A Metropolitan Police Department report said the incident occurred at about 7:30 p.m. when "10 unidentified Cuban employees of the mission came out and began to assault the demonstrators on the front sidewalk." The report said there were about 20 anti-Castro Cuban-Americans on the streets protesting Elian's return to Cuba.

After the scuffle, Mr. Collazo's business card was found on the street.

Cuban officials were interviewed by District of Columbia police, but refused to provide a list of names of those who were involved.

While the Clinton administration has continued to show more cooperation than confrontation with Cuba's communist government in the continuing Elian Gonzalez matter, a senior State Department official took pains to criticize as "absolutely deplorable" actions by Mr. Castro in the case.

Peter Romero, assistant secretary of state, accused Castro of using the continuing custody battle over the boy in an effort to create "a diplomatic-political clash" with the United States. He said Mr. Castro had "manipulated" the affair for "complete domestic purposes."

Elian and his family were moved to the secluded 1,100-acre farm 70 miles from Washington after the Justice Department determined they needed time outside the glare of the media to "bond."

Mr. Diaz-Balart, the Miami congressman, described the Saturday pre-dawn raid in which the boy was seized from his Miami relatives as "blatantly illegal."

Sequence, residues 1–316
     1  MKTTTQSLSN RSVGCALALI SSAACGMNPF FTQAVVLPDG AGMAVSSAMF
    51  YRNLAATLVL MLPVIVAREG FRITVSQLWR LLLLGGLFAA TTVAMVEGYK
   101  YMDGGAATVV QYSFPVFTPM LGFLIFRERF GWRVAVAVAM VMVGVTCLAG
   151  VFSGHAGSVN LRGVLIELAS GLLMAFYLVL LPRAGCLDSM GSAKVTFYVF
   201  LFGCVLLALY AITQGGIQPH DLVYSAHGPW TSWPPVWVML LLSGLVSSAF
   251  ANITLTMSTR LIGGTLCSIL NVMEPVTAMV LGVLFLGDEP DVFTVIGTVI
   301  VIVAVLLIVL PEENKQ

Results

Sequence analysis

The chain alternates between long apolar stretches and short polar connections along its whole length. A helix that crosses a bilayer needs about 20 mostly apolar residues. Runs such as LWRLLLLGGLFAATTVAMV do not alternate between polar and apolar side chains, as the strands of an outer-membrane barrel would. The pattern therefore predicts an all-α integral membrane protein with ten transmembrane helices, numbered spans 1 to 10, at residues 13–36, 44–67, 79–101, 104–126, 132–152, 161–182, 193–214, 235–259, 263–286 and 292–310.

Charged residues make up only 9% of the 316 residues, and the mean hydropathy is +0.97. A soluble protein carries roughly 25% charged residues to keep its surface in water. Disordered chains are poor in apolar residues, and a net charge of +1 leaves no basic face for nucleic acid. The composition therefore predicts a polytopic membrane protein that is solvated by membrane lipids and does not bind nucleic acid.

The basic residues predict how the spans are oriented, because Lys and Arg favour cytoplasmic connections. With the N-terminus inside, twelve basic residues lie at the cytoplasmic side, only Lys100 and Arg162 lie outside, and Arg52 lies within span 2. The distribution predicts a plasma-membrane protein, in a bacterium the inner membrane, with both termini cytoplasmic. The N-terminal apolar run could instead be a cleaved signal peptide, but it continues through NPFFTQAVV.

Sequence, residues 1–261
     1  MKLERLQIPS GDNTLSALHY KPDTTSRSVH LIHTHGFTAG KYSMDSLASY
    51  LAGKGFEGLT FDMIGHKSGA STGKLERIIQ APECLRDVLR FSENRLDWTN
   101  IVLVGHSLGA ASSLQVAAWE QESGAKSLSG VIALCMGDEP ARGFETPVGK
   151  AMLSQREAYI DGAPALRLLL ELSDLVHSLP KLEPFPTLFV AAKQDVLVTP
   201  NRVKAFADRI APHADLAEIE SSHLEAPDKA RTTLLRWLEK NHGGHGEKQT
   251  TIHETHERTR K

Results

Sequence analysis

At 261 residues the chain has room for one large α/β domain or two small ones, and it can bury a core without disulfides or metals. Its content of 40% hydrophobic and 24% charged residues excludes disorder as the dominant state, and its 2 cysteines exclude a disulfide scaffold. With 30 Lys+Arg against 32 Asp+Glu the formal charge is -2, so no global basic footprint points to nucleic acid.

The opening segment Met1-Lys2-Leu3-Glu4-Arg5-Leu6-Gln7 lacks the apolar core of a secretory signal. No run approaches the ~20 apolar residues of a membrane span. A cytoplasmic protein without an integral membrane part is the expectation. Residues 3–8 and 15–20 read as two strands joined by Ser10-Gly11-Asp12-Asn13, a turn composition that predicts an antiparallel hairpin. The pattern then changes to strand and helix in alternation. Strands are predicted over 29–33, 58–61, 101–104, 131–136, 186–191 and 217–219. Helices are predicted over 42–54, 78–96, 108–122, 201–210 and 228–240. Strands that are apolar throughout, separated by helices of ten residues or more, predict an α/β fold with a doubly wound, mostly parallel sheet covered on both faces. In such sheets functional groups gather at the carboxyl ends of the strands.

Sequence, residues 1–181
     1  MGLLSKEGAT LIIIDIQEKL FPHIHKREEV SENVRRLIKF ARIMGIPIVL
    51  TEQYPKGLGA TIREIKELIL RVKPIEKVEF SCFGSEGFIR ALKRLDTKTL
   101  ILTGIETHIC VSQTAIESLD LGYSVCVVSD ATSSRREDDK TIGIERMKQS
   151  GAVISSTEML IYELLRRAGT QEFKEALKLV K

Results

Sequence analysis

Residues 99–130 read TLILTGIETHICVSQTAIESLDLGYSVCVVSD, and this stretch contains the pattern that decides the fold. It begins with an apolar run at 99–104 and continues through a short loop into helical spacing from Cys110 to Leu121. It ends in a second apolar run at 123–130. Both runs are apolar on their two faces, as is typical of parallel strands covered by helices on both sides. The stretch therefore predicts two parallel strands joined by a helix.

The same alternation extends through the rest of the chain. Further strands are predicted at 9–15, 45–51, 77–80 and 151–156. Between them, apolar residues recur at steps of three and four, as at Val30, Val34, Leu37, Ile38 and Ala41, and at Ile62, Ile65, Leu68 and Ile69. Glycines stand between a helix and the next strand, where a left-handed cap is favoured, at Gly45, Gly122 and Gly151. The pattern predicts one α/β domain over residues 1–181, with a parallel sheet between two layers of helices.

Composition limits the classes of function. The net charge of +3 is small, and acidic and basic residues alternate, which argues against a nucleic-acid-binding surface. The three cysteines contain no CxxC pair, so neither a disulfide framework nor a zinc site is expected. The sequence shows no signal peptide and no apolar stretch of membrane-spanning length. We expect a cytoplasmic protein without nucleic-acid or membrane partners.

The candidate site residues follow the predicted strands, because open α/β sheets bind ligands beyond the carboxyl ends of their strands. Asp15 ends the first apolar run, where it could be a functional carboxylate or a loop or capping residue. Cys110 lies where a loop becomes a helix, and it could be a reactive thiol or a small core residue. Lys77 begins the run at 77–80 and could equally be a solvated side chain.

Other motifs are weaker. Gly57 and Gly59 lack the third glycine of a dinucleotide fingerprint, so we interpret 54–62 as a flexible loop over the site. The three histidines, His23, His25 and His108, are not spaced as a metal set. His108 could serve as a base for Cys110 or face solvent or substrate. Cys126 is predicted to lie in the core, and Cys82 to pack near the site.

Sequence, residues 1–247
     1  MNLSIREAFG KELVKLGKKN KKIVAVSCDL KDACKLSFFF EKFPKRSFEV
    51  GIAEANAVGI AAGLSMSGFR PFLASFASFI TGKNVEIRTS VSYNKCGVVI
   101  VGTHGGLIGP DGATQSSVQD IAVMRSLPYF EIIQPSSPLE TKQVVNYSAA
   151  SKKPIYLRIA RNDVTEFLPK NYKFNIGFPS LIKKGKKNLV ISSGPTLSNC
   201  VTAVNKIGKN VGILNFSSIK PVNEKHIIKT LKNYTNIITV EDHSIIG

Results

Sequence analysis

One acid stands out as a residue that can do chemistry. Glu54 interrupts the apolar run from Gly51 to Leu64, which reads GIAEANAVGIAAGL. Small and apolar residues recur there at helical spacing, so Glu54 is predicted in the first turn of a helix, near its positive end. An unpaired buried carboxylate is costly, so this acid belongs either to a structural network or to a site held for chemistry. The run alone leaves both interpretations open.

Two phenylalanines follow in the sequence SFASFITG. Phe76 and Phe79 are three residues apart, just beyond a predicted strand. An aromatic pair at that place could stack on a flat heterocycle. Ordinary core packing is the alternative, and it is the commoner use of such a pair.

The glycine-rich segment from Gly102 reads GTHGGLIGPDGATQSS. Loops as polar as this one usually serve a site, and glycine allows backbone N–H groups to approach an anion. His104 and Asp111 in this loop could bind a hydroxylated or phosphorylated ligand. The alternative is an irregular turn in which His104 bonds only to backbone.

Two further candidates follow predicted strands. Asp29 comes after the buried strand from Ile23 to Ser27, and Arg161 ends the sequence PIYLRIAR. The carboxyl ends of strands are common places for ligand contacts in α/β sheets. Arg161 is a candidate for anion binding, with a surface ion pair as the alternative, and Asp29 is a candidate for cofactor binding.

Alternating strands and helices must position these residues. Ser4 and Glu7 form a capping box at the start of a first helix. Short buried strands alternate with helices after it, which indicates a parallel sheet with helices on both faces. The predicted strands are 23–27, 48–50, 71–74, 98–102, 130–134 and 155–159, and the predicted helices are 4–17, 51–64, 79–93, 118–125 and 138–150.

"They lied under oath, after hours on Good Friday. It was based on the lie that Elian was an illegal alien. He was never illegal," he said. "Now, paid for by U.S. taxpayers, they are systematically brainwashing that defenseless boy."

Frank Calzon, spokesman for the Center for a Free Cuba, said the only people not being allowed on the Wye Plantation are the Miami relatives and the media.

"I thought this was a family dispute. Why do they need all these diplomats? They are turning the plantation into something outside the jurisdiction of the United States," he said.

Meanwhile, Elian was expected to be reunited Thursday with his former kindergarten teacher and 10-year-old cousin, along with four of his Cuban classmates, who will be accompanied to this country by their mothers and one father.

Mr. Castro personally said farewell to the students as they flew out of Havana, even chatting with the four before they boarded a direct charter flight from Havana to Washington. Three of the children's mothers, and a Cuban pediatrician, Dr. Caridad Ponce de Leon Narvaez, were also on the small Lear jet. The fourth child's father was due to take a commercial flight because there was no room for him on the plane.

The four children were dressed in the red, white and blue uniforms of the state-affiliated children's "Pioneers" movement and held Cuban flags aloft as they boarded the plane.

Among the schoolmates is 6-year-old Hanser Orlando Muniz Pedroso, whose fame in Cuba is second only to that of Elian. The pair shared a desk at their school in Cardenas, and Hanser's face has been reproduced on posters all over Cuba next to Elian's empty chair adorned with a sign saying: "This chair is untouchable."